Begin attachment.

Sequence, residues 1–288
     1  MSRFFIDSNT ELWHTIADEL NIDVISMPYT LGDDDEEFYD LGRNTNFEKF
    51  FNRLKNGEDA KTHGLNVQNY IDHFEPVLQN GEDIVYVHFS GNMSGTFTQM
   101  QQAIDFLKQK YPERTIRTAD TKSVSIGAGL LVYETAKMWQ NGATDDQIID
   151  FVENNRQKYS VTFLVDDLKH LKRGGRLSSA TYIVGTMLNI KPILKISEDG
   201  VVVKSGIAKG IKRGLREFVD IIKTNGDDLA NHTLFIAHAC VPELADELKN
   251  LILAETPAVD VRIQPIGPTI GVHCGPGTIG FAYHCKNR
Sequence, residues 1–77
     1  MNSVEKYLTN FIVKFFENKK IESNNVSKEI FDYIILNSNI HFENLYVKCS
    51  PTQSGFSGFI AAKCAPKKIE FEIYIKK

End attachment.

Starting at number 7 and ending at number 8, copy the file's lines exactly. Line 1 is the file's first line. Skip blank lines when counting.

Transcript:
   251  LILAETPAVD VRIQPIGPTI GVHCGPGTIG FAYHCKNR
Sequence, residues 1–77